On the 22nd of October 2019, the second volunteer cleaning activity at Shinrensha Temple Garden and the first workshop about green infrastructure were held. This time, together with Mr. Maruyama from Kanazawa Univ., Mr. Sakamura from JAIST, as well as their students, we invited Ms. Hayashi from Ryukoku Univ. as a guest speaker to talk about her research on the land use of Lake Biwa.
OUIK’s researcher Dr. Ivars, the main organizer of this event, talked about his research on Kanazawa’s biocultural diversity. As he mentioned in his book published last July, it is important for citizens to actively collaborate to conserve the nature that exists in cities. Dr. Ivars is hoping that events like this cleaning workshop become more common among locals and tourists, as it would help the owners of the gardens maintain and preserve them. Dr. Ivars conducted a survey of participants before and after the cleaning. The results showed that cleaning the gardens increased positive emotions and reduced negative emotions. This activity gives benefits not only to the garden owner, but also to the participants.
Next, Ms. Hayashi’s presentation taught us the importance of taking records on land use. If the cultural landscape and biodiversity of Japanese gardens in Kanazawa is a micro perspective, Ms. Hayashi’s story was more of a macro perspective. Ms. Hayashi’s research focuses on the natural environment and cultural landscapes of the past, and investigating changes in land use and the natural environment. Using a map showing the surrounding area of Lake Biwa in Shiga Prefecture, she explained that investigating how to use the natural environment that has existed from the past to the present time can suggest ways to connect people and nature sustainably, or industries that match the local environment.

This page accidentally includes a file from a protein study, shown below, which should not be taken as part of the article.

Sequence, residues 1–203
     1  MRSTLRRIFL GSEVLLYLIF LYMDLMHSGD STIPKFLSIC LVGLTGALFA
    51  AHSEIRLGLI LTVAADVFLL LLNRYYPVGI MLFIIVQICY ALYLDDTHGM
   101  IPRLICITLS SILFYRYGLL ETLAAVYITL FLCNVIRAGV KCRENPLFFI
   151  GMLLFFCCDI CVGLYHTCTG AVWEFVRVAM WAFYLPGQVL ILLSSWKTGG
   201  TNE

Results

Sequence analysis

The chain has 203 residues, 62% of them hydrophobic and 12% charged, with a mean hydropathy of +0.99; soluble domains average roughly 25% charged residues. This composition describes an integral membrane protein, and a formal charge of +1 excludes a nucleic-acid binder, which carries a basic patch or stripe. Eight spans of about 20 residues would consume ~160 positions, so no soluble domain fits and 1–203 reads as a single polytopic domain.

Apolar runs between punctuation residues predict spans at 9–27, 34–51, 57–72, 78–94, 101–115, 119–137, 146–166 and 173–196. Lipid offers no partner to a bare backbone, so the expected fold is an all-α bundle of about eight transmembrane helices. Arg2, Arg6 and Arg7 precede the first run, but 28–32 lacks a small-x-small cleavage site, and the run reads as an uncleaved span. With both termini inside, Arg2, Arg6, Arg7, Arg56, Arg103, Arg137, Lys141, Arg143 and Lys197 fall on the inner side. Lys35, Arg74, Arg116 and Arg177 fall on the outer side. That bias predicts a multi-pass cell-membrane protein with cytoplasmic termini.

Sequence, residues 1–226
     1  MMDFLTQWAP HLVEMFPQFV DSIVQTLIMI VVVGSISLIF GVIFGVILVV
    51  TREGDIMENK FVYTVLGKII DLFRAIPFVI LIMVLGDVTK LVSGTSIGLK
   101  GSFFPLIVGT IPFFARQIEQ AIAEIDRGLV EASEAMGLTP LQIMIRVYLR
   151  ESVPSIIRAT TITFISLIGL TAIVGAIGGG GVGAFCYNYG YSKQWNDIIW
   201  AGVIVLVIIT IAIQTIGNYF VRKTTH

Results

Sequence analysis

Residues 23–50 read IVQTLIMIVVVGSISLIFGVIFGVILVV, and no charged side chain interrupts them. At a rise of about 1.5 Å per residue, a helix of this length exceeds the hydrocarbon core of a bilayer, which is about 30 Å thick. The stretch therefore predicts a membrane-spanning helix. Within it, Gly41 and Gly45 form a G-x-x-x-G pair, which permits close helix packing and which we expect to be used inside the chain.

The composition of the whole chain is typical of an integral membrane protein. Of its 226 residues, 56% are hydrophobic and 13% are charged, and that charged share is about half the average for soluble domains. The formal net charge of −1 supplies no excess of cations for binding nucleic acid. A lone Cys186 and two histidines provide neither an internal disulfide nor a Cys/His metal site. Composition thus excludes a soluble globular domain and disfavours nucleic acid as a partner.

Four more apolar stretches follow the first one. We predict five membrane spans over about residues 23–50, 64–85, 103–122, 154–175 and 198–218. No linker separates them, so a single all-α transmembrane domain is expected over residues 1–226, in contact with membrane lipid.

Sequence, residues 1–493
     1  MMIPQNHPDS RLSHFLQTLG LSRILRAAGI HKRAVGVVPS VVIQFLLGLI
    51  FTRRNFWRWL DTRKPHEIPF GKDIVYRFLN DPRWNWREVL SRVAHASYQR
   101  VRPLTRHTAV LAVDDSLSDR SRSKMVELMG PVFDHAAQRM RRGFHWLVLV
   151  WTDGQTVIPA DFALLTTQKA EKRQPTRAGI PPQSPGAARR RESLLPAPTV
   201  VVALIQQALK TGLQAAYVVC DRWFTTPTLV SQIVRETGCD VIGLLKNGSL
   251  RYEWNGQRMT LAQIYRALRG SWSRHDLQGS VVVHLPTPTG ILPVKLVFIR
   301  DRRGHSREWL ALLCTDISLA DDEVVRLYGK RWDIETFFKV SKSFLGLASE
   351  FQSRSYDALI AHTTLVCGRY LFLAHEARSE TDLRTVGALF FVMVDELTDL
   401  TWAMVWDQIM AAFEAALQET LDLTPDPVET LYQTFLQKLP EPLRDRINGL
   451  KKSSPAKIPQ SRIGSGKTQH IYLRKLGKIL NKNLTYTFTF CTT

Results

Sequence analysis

After the lecture, we started the cleaning activities in the Shinrensha Garden.
It was a beautiful autumn day, and the participants seemed to enjoy being close to nature outside. Participants mainly picked up fallen leaves in the main garden area and the graveyard behind the garden. After one hour, the garden was finally clean, and we moved on to the discussion session.
Each group summarized their feelings and impressions of this experience in a 3-minute presentation. Some thoughts included: “What kind of gardens attract people and give easier access to people?” “Let’s make use of fallen leaves” “I was able to relax and enjoy myself” and so on.
Spending time in the garden surrounded by nature gives people living in the city opportunities to come in contact with nature and share a common purpose with other people. The participants enjoyed learning in the beautiful garden, and they seemed very satisfied.